The First Angel Proclaims . . .
Living for Jesus
"... and give glory to Him ... —Revelation 14:7,
When Moses pled with God, "Show me Thy glory," He replied, "I will make all My goodness pass before you, and will proclaim the name of the Lord" (Exodus 33:18, 19). God's glory is revealed in His character of goodness and love.
God's law is a transcript of His character. God is love, and His law is love. Its two great principles are love to God and love to man. "Love is the fulfilling of the law" (Romans 13:10). The character of God is righteousness and truth; such is the nature of His law. "Thy law is the truth:" "all Thy commandments are righteousness" (Psalms 119:142, 172). "The law is holy, and the commandment holy, and just, and good" (Romans 7:12). Such a law, being an expression of the mind and will of God, must be as enduring as its Author.
Many religious teachers assert that Christ by His death abolished the law, freeing us from its requirements. In contrast to the bondage of the law they present the liberty to be enjoyed under the gospel.
But not so did prophets and apostles regard the holy law of God. Said David: "I will walk at liberty: for I seek Thy precepts" (Psalm 119:45). James. who wrote after the death of Christ, refers to the Decalogue as "the royal law" and "the perfect law of liberty" (James 2:8; 1:25). And the revelator, decades after the crucifixion, pronounces a blessing upon them "that do His commandments, that they may have right to the tree of life, and may enter in through the gates into the city" (Revelation 22:14).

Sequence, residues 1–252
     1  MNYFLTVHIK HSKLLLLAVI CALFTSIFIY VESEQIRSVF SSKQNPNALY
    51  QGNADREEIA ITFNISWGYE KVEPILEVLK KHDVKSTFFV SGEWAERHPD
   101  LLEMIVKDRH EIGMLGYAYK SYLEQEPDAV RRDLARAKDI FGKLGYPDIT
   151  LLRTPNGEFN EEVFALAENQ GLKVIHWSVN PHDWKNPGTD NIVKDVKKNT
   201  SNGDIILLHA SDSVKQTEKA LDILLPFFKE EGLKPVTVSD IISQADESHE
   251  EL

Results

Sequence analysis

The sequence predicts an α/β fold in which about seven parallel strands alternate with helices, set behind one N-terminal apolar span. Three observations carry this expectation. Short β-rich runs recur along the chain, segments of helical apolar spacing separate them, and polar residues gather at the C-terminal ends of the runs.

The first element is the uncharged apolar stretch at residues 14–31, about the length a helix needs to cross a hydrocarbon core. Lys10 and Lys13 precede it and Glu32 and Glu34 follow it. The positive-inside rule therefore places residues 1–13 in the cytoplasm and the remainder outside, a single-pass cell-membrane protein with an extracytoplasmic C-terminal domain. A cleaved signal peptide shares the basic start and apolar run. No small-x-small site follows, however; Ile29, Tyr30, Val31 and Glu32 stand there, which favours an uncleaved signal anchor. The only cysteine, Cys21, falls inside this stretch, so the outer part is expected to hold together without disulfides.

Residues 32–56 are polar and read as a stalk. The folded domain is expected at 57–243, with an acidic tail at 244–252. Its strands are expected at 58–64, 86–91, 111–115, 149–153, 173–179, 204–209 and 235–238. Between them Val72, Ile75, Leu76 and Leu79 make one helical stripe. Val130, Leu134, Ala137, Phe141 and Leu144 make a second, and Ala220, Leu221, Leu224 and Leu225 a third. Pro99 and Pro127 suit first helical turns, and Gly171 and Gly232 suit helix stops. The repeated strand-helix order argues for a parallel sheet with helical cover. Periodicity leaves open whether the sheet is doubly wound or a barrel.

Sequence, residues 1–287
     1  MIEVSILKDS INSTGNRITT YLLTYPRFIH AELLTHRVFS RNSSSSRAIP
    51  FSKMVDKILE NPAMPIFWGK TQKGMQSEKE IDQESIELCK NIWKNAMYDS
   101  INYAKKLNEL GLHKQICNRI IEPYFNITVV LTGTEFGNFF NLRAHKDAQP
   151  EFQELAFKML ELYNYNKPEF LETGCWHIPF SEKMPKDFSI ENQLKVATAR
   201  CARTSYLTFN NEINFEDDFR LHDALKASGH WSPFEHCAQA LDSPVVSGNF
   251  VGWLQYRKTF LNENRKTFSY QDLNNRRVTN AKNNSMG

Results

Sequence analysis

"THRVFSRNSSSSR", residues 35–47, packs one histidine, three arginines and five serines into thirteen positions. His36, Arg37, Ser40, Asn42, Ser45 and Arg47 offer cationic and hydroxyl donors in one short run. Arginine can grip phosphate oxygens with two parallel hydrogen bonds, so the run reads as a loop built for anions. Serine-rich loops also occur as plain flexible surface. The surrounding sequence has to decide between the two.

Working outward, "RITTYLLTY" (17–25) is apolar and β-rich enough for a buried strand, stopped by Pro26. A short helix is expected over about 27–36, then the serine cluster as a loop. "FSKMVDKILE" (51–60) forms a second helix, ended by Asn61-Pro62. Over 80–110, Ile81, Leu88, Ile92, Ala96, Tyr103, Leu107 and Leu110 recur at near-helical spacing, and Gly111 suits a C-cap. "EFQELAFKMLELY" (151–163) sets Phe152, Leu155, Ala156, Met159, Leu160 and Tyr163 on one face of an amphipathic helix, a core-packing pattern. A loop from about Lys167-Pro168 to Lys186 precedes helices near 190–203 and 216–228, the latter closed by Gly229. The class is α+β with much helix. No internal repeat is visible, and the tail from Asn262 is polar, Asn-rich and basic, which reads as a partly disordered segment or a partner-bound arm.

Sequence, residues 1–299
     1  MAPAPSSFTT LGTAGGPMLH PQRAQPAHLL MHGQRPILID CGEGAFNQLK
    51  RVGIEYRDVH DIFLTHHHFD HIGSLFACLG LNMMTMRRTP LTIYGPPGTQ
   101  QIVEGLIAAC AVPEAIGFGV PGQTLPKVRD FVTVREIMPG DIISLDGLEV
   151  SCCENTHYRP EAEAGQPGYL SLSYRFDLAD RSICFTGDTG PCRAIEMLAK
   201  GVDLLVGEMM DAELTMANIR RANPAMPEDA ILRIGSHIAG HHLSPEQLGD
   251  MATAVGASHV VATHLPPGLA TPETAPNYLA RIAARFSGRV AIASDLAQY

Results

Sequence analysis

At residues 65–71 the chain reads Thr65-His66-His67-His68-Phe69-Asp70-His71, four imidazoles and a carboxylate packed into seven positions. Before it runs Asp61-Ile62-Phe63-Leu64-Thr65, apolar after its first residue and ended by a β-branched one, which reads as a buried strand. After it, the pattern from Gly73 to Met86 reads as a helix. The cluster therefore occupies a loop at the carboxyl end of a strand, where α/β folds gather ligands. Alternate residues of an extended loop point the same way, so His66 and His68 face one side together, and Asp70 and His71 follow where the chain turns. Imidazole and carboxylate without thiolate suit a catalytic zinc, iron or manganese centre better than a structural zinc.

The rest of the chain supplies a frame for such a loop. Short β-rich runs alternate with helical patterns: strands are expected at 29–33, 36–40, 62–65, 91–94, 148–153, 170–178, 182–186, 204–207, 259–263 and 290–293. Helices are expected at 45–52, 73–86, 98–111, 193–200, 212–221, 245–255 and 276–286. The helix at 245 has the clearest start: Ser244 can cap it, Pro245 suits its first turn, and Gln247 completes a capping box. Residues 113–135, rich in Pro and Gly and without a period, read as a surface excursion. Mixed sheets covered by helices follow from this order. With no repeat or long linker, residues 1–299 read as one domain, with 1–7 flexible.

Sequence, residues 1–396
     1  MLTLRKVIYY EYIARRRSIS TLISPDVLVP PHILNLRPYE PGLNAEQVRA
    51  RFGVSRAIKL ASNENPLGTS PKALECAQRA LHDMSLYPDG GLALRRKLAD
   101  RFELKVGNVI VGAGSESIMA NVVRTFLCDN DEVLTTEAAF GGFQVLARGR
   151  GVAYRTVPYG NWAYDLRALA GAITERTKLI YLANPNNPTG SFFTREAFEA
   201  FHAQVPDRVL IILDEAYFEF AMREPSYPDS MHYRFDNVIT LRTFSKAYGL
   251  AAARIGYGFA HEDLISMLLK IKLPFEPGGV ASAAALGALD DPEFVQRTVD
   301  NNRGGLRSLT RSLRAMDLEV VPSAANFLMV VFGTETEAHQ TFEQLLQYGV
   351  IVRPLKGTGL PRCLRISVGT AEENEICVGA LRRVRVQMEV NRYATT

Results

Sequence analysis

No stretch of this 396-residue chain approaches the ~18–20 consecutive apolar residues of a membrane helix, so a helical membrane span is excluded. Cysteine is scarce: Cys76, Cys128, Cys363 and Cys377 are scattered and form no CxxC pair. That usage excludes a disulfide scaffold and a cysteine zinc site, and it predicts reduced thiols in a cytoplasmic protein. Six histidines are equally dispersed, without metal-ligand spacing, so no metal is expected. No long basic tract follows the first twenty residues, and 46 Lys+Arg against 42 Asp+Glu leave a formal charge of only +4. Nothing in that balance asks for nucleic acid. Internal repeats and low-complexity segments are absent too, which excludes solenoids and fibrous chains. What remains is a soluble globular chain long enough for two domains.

Had it been possible for the law to be changed or set aside, then Christ need not have died to save man from the penalty of sin. The death of Christ, so far from abolishing the law, proves that it is immutable. The Son of God came to "magnify the law, and make it honorable" (Isaiah 42:21). He said: "Think not that I am come to destroy the law;" "till heaven and earth pass, one jot or one tittle shall in no wise pass from the law" (Matthew 5; 17, 18). Concerning Himself He declares: "I delight to do Thy will, 0 my God: yea, Thy law is within My heart" (Psalm 40:8).
Only as God's law is restored to its rightful position can a revival of true faith and godliness take root among His professed people. By uniting in fellowship with God through Jesus, we become like Him in character, manifested by the fruit of the Spirit in our lives (see Galatians 5:22, 23; Ephesians 5:9).